Kazakhstan: New Year fireworks outside cell of Esenbek Ukteshbayev

A thousand protests made worldwide against jailing of trade union and social activist

The New Year is the main holiday period in this part of the world, but even so the spiteful regime kept trade union and social activist Esenbek Ukteskbayev in prison for the full 15 days sentence until 3 January (See reports on this site). Activists of the ‘Kazakhstan 2012’ movement gathered outside his prison at midnight on New Year’s Eve and made sure that Esen knew they were there! He was passed food and drink and fireworks and bangers were let off, accompanied by calls to free Esenbek immediately.

At the height of the protest/celebration, the police attempted to arrest one of the socialists, claiming that the action was disturbing local residents. When proof of this claim was demanded, the police were left to trail around the doors of neighbours trying to get a signature in support of their claim, but their attempt failed and ended in farce

Three days into the new year, Esenbek was finally released and was enthusiastically greeted by many activists. Notwithstanding the peaceful nature of the gathering, once again the area was crawling with police.

On leaving the prison building, Esenbek described how the authorities tried to provoke him while he was in jail. They put him in cells with drug takers and hardened criminals, who were allowed freedom of movement, and frequently were drunk or drugged up. Despite this, Esenbek managed to avoid any provocation to physical confrontation.

In the days before Christmas, the worldwide response to Esen’s plight was marvellous. Over a 1,000 protest messages were sent to the authorities in response to the international appeal for solidarity. In celebrating Esenbek’s release, we thank all those who made their voices heard.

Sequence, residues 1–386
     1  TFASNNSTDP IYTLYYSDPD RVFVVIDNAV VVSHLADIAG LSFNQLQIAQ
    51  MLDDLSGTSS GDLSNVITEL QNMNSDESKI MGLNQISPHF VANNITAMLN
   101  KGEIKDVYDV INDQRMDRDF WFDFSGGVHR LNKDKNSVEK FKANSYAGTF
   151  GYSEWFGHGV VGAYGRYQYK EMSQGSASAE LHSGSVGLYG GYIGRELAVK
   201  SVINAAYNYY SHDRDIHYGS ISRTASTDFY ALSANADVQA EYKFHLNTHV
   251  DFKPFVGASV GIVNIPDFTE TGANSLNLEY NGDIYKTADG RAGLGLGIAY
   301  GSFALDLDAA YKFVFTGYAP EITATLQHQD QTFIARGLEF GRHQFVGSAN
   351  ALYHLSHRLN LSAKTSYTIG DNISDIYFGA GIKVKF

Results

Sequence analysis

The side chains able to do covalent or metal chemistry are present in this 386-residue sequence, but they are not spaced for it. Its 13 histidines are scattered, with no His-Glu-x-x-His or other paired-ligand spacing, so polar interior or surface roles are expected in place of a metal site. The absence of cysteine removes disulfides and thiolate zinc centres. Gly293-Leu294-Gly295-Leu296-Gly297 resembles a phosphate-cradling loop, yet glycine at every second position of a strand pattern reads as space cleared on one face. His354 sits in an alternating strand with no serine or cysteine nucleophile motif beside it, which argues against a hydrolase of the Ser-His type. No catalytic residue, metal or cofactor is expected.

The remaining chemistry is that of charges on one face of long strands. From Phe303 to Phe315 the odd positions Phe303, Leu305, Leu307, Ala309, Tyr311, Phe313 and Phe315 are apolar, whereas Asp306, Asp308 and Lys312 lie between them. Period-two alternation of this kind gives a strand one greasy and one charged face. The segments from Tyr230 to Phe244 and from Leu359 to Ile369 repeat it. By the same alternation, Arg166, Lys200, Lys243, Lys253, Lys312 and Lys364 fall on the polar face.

Harassment continues

State pressure on the independent media in Kazakhstan continues with the decision by a closed court in Almata, on 6 January, to fine the newspaper ‘Vzglyad’ the sum of 15 million tenge – about €80,000 – a sum which the paper cannot possibly pay. In this way, the authorities hope to silence another independent voice.

Pressure on prison rights campaigner, Vadim Karamshin, also continues. He was recently in the town of Atbasar, which in the last weeks has seen a wave of beatings of prisoners by guards in a nearby prison. Vadim has been defending the rights of the inmates, including those of prisoner Sokolov, who has been left severely disabled after a beating session. The head of prison colony IK 90, Suleimenov, has publicly threatened that if Vadim appears in the area again he will “personally deal with him”.

Socialists in the CWI in Kazakhstan and internationally will continue to fight against all forms of state repression, provocation and harassment in the country and against the government’s proposed abolition of elections until 2020. They will do all they can to assist in the strengthening of the workers’ and social protest movements around ‘Kazakhstan 2012’ and to assist the development of an alternative socialist programme.

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January 2011